The most powerful TED speakers connect with the audience by sharing their own stories and experiences. But according to head curator Chris Anderson, there's one big reason TED turns away really good speakers with great stories to tell. They fail to make those stories universal and turn them into something audience members can benefit from and use in their own lives.

Have you ever dreamed of delivering a TED Talk? Maybe you're already a successful speaker, but do you ever wonder what it takes to be a TED speaker? Anderson has provided some answers to that question in his book TED Talks: The Official TED Guide to Public Speaking, and in TED's new Masterclass app. In a blog post on the TED website, he delves into perhaps the most important aspect of a good TED Talk: storytelling.

If you've watched TED Talks, you know storytelling is a prominent feature of just about all of them. You might tell someone else's story, as Malcolm Gladwell did when he talked about Howard Moskowitz and his quest to sell chunky spaghetti sauce to those who wanted it. Or, like Tim Urban and many other TED speakers, you might tell your own story about your own experiences, which is often the most powerful way to engage an audience. 

How you tell that story will make or break your TED Talk, or any presentation, and Anderson offers some solid tips. First, choose a character or story your audience can relate to. Next, build tension, either by making your audience curious or by describing a situation of actual danger. Offer just the right amount of detail--too little and the story won't come to life, too much and you risk boring your audience with unnecessary information. Then, end with a satisfying resolution that is funny, moving, or provides some kind of insight.

But Anderson says, you can do all of this really well and still be rejected as a TED speaker if you don't do one final thing: Give the audience something they can take away with them--an insight, actionable information, inspiration, or even hope. "One of the biggest reasons we turn down applications to speak at TED is when they offer compelling anecdotes but no central idea that wraps their narrative together," he explains in his blog post. "This is heartbreaking, because the speakers are often fascinating people. But without an idea, it's an opportunity missed."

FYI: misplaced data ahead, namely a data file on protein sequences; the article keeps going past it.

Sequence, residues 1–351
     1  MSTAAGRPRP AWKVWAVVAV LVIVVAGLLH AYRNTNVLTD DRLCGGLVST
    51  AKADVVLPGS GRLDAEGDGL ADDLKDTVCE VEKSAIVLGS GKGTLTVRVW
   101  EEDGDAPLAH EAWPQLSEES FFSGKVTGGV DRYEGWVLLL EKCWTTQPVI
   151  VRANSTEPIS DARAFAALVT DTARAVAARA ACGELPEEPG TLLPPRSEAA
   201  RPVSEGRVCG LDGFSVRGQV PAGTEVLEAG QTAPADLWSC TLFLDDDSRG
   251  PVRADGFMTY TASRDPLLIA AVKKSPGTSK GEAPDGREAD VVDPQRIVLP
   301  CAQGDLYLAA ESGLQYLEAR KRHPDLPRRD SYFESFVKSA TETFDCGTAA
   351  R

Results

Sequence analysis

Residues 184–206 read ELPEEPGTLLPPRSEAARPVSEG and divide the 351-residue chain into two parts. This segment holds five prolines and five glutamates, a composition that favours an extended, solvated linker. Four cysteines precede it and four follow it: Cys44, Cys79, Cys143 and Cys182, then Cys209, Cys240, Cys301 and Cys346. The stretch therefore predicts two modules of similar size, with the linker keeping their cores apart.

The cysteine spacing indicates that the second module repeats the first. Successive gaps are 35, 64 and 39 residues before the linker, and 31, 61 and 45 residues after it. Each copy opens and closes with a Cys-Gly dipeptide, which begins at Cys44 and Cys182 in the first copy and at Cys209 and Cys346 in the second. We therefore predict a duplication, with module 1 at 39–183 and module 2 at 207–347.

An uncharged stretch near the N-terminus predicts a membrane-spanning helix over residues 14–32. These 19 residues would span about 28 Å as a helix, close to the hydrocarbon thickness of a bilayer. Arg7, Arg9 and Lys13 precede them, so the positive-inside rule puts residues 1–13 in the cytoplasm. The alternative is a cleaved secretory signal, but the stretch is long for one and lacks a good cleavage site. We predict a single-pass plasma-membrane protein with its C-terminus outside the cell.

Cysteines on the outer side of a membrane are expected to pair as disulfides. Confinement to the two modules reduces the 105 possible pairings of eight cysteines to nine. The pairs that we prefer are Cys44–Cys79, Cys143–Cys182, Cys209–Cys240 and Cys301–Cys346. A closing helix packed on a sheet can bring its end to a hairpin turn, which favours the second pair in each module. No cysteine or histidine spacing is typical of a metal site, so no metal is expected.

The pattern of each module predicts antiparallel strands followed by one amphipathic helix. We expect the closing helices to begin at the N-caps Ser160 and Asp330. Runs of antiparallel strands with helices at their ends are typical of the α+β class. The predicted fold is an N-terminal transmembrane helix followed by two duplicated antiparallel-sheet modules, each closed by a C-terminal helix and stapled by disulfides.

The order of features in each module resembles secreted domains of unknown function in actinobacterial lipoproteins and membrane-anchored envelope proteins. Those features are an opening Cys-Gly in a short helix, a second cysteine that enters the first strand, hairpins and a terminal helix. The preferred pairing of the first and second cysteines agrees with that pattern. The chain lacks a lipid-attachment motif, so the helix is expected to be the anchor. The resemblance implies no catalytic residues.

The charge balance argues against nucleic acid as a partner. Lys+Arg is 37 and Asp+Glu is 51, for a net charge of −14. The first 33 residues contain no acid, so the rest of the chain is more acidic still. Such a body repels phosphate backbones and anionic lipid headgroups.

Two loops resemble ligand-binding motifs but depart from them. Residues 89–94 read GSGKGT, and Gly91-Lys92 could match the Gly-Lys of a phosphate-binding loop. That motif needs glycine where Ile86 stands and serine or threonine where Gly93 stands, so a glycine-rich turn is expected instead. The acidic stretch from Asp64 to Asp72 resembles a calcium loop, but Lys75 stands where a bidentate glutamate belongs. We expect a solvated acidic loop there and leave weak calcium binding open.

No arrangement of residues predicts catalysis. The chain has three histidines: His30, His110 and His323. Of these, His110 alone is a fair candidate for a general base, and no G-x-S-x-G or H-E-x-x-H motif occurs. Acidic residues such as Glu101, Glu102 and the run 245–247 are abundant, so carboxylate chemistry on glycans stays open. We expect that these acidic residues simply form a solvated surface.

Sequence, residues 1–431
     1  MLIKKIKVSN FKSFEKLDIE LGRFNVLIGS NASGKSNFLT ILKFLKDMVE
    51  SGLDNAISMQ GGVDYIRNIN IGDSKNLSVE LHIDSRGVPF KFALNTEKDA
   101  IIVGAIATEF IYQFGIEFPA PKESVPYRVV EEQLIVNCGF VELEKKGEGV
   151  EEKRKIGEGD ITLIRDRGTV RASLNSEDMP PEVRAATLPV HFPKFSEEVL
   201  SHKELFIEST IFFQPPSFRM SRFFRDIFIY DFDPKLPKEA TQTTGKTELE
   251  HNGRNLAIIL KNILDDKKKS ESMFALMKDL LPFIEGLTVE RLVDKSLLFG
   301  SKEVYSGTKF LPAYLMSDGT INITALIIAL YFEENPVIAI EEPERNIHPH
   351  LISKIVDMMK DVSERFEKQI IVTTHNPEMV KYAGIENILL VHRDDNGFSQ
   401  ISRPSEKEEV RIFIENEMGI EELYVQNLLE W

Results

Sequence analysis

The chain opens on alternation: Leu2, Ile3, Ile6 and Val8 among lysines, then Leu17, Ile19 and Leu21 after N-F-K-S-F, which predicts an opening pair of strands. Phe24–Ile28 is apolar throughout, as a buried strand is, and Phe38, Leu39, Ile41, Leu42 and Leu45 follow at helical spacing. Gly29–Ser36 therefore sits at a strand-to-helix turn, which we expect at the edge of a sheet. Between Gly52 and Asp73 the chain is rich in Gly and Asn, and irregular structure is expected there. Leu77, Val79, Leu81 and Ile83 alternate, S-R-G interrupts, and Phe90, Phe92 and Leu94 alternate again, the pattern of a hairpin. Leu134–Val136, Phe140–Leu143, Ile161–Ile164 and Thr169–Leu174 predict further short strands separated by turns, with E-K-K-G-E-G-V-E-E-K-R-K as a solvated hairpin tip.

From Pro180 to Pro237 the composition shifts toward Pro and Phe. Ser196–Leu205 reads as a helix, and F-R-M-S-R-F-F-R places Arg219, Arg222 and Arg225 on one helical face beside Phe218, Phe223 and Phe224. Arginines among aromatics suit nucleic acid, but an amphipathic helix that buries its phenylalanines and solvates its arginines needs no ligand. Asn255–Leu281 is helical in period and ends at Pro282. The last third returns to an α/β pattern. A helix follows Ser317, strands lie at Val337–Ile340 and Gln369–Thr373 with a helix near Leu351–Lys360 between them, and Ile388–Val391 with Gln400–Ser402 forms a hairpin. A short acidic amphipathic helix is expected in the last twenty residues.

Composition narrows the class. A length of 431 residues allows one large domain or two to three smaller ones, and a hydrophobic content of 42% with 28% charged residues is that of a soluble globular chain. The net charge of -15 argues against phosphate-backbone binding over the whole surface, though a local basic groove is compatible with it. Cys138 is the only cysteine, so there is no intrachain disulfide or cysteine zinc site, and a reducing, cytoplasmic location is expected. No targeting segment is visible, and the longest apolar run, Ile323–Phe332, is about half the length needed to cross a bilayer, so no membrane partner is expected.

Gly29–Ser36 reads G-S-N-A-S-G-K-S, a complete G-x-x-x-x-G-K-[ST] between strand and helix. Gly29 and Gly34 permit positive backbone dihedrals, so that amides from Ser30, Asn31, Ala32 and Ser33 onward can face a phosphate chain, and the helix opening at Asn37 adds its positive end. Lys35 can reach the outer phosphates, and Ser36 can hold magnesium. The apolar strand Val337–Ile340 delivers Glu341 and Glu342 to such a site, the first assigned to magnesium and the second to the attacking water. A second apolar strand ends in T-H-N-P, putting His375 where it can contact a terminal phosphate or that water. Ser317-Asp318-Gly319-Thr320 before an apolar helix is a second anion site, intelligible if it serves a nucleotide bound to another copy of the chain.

Make it universal.

Thus, when Urban describes his own struggles with procrastination and what he calls the Instant Gratification Monkey that led him to write a 90-page thesis in 72 hours, it's funny and entertaining. But then, after blogging on the topic, he says he got thousands of emails from people who said they had the exact same problem. "I had a little bit of an epiphany--that I don't think non-procrastinators exist," he says. "That's right--I think all of you are procrastinators." And he goes on to share some wisdom about how procrastination can affect our lives and prevent us from chasing our dreams.

The very first TED Talk to go viral was "My stroke of insight" by Jill Bolte Taylor. No one who's seen that talk can ever forget her account of being a neuroscientist observing what was happening from the inside as she suffered a stroke. A blood clot the size of a golf ball intermittently shut down the left hemisphere of her brain, leaving her only the right hemisphere's sense of being connected to all living beings, which turned out to be a very lovely feeling. Then she says this:

"So who are we? We are the life-force power of the universe, with manual dexterity and two cognitive minds. And we have the power to choose, moment by moment, who and how we want to be in the world."

And then she asks: 

"Which would you choose? Which do you choose? And when? I believe that the more time we spend choosing to run the deep inner-peace circuitry of our right hemispheres, the more peace we will project into the world, and the more peaceful our planet will be. And I thought that was an idea worth spreading."

It's that ending that makes Bolte Taylor's talk truly unforgettable. 

So how about you? Whether you aspire to giving a TED Talk or simply want to be a more effective speaker, what larger point and "idea worth spreading" will you use to inspire your own audiences? What gift will you give them? The answer can make the difference between a good talk and a great one.